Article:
Indigenous peoples of Sikkim

Indigenous peoples of Sikkim

Indigenous peoples of Sikkim include the Limbu, Lepchas and Bhutia peoples who are now Scheduled Tribes, in contrast to the dominant heterogeneous Nepali population of Sikkim.



Sikkim and neighboring countries. Indigenous Sikkimese groups – Limbu, Lepcha, and Bhutia – and their close relatives – Kiranti and Tibetans – also live in surrounding Nepal, Tibet, Bhutan, and neighboring States of India.

The Lepcha is the earliest ethnic group settled Sikkim. The believe they are the autochthones while others considered that they were settled by the thirteenth century, coming from the Assam hills before the arrival of the Tibetan Bhutias.[1][2] The Bhutia who immigrated to Sikkim claimed descent from a common ancestor, a Khampa prince or chief named Khye-bum-sar, and were divided into fourteen main families.[3] Relations between the Lepcha and Tibetan peoples began in the thirteenth century with the signing of a blood brotherhood by the Lepcha Chief Thekong Tek and the Tibetan Prince Khye Bumsa at Kabi Lungchok in north Sikkim. The Bhutias introduced Buddhism to the region.[3]

In 1642, the Bhutia established a monarchy headed by the Chogyal (Tibetan: ཆོས་རྒྱལ་Wylie: chos rgyal; divine king), and opened relations with Tibet.[2][1] By the founding of the Bhutia monarchy, Tibetan sources considered Tibetans (Bhutia), Lepchas, and Limbus to be the "original races of the kingdom."[3]

The Limbu people (also known as Tsong, Tshong, Subba, and Yakthungba) are a Kiranti people, and are also an indigenous group to populate Sikkim.[3]

Around 1819, the Lepchas were still the most numerous population, comprising roughly half of all Sikkimese, followed by Bhutias (30%) and Limbus (20%); sources disagree on whether the Bhutias outnumbered the Limbu or vice-versa, but in any event, the Limbu frequently intermarried with the Lepcha.[3] At this time there was apparently no appreciable Nepali population present.

Throughout the nineteenth century, further groups of Tibetans known as Rui-chhung ("little families") migrated to Sikkim under British rule.[3]

Between the 1890s and the early 1900s, the large scale immigration of Nepalis began, encouraged by colonial landlords in order to raise rents in otherwise densely forested Sikkim.[4][5] Indigenous groups pressed the British Empire to stop such settlement on Lepcha and Bhutia lands, however by the turn of the century, the Nepalese population constituted a majority, and indigenous populations amalgamated into a composite Lepcha-Bhutia socio-ethnic group.[5] Discrimination between the heterogeneous Nepalese and other groups became a pressing social issue,[5] however the government of the Chogyal in its later years strove to treat all subjects equally as citizens, and allowed democratic changes to move forward.[4] These democratic and demographic changes culminated in a plebiscite in 1974, resulting in union with India as a State.[4] Since joining India, indigenous groups have expressed anxiety over losing land, resources and power to those they view as non-Sikkimese "far above [them] in terms of political consciousness, resource position, education and manipulative qualities."[5]:79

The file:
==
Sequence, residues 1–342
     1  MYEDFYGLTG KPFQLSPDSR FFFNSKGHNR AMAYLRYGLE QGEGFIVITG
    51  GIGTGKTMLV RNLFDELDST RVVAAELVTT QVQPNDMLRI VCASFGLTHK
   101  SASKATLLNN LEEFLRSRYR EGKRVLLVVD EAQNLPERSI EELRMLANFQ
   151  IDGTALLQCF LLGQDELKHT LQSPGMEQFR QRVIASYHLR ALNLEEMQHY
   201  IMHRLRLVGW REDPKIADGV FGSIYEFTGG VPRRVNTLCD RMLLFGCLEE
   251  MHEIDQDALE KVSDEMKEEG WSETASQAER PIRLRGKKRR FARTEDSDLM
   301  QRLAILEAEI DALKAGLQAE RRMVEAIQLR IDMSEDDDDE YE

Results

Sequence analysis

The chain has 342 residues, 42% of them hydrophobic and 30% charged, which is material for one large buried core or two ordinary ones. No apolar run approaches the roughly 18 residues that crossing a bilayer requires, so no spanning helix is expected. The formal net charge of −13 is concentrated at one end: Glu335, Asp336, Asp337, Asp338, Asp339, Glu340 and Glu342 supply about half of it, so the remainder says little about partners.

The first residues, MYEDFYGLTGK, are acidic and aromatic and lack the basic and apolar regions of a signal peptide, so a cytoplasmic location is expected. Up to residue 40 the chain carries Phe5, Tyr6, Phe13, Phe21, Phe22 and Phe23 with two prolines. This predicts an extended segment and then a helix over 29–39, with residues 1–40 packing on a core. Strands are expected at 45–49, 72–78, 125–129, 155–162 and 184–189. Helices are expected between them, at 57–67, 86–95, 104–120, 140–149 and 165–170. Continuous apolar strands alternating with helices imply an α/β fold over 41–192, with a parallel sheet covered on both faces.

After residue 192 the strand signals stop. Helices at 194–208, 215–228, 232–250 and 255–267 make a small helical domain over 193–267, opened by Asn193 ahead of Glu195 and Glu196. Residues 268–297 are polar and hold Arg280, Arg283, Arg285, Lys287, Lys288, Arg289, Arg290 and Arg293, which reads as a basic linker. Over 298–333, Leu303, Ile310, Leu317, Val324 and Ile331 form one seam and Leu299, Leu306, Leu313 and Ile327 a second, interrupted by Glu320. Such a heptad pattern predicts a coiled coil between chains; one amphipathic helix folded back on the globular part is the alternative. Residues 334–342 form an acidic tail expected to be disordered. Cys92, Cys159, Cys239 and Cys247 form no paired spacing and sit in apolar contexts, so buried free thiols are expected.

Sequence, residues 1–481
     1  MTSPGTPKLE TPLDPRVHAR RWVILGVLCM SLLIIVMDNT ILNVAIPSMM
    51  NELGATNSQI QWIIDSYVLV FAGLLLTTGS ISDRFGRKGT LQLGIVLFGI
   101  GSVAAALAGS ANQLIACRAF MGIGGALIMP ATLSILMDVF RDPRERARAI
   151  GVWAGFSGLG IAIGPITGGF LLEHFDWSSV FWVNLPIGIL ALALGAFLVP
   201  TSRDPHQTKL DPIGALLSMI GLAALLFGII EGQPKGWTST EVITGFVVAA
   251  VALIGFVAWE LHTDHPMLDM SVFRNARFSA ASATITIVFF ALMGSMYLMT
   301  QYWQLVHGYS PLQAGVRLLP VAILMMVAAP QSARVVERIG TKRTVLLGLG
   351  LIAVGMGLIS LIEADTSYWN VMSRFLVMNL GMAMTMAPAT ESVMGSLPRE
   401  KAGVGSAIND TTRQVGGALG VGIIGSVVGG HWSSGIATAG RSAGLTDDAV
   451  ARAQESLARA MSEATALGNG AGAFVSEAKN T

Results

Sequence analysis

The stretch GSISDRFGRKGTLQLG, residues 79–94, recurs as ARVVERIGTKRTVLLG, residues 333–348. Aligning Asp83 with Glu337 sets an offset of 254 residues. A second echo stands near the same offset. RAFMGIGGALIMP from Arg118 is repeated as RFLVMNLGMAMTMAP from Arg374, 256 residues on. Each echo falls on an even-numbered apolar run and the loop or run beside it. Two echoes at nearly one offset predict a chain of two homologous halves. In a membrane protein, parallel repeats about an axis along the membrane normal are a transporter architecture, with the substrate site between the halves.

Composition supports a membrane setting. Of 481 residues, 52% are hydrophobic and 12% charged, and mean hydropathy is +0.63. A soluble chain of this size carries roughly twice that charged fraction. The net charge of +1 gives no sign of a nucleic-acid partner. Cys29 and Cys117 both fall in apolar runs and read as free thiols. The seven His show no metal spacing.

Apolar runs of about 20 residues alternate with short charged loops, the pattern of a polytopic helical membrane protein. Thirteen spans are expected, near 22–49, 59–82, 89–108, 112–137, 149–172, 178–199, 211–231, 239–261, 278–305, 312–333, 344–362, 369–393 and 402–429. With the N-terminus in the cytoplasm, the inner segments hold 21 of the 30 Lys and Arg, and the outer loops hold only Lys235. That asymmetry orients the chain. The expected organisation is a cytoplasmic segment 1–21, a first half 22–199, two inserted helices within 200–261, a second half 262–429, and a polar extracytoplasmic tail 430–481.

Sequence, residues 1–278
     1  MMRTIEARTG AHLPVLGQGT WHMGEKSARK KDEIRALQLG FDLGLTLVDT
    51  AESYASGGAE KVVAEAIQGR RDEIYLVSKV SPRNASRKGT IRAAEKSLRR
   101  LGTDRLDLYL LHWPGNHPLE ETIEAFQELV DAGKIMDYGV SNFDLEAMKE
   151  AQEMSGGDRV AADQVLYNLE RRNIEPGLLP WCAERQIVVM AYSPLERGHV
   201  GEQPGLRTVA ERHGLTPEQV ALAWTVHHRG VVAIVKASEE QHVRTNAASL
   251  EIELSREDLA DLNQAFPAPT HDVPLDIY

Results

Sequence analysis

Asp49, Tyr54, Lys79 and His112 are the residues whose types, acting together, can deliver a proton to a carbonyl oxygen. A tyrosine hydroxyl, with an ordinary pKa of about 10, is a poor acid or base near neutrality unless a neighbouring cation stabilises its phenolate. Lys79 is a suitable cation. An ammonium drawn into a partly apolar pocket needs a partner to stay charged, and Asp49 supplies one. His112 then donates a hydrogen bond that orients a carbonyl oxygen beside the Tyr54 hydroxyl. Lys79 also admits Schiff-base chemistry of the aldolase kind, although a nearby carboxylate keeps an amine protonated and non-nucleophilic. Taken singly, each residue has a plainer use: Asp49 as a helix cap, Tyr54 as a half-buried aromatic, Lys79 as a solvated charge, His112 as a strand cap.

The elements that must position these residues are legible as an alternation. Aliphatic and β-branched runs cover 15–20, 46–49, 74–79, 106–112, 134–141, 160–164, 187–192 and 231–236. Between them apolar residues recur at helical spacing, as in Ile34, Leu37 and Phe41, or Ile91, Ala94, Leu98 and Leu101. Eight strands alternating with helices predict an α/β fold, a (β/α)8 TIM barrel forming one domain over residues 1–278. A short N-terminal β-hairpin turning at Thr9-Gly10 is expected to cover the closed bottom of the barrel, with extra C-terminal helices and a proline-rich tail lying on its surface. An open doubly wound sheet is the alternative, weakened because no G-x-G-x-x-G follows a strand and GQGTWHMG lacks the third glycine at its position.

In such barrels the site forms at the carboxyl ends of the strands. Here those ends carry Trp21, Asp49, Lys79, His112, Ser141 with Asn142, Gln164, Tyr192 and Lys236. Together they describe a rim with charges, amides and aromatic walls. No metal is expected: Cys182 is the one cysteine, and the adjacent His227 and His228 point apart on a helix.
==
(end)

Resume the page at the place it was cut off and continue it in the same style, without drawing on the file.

Indigenous cultures

Lepcha (Róng) manuscript.
Limbu man and woman in traditional attire. (1868)

The indigenous Sikkimese show wide cultural variation. Limbu society is traditionally defined by norms, rituals, rites, and chumlung, social groups that convene to express views.[3]:29, 33 During rituals, dancing is a common element, and Limbu priests, called phedangma, recite oral narratives called mundhum.[3]:33 Traditionally, the Limbu practice chastity before marriage, and do not cohabitate before marrying.[3]:29 They tend to live in extended family groups, remaining at home after marriage; marriages are strictly exogamous, meaning intra-clan marriage is prohibited.[3]:29 They therefore frequently adopt members of entirely different groups, encouraging religious marital conversion in the process.[3]:29 The Limbu use the Limbu script to write their language, which is related to that of the Lepcha.